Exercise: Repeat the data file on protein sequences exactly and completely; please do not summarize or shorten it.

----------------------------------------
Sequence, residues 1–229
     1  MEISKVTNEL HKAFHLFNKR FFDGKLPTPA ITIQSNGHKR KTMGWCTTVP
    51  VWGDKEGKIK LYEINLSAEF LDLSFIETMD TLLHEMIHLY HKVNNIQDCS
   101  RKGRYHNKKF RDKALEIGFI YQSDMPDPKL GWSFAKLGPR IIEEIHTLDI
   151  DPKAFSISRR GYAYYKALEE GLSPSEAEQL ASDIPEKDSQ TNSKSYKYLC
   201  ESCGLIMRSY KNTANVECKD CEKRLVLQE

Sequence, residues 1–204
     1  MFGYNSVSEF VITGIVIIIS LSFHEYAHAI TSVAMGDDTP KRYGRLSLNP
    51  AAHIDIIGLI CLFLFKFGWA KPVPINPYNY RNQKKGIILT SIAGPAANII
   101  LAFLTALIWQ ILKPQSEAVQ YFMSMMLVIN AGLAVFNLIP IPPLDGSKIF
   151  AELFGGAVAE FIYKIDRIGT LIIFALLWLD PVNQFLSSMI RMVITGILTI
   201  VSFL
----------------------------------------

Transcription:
Sequence, residues 1–229
     1  MEISKVTNEL HKAFHLFNKR FFDGKLPTPA ITIQSNGHKR KTMGWCTTVP
    51  VWGDKEGKIK LYEINLSAEF LDLSFIETMD TLLHEMIHLY HKVNNIQDCS
   101  RKGRYHNKKF RDKALEIGFI YQSDMPDPKL GWSFAKLGPR IIEEIHTLDI
   151  DPKAFSISRR GYAYYKALEE GLSPSEAEQL ASDIPEKDSQ TNSKSYKYLC
   201  ESCGLIMRSY KNTANVECKD CEKRLVLQE

Sequence, residues 1–204
     1  MFGYNSVSEF VITGIVIIIS LSFHEYAHAI TSVAMGDDTP KRYGRLSLNP
    51  AAHIDIIGLI CLFLFKFGWA KPVPINPYNY RNQKKGIILT SIAGPAANII
   101  LAFLTALIWQ ILKPQSEAVQ YFMSMMLVIN AGLAVFNLIP IPPLDGSKIF
   151  AELFGGAVAE FIYKIDRIGT LIIFALLWLD PVNQFLSSMI RMVITGILTI
   201  VSFL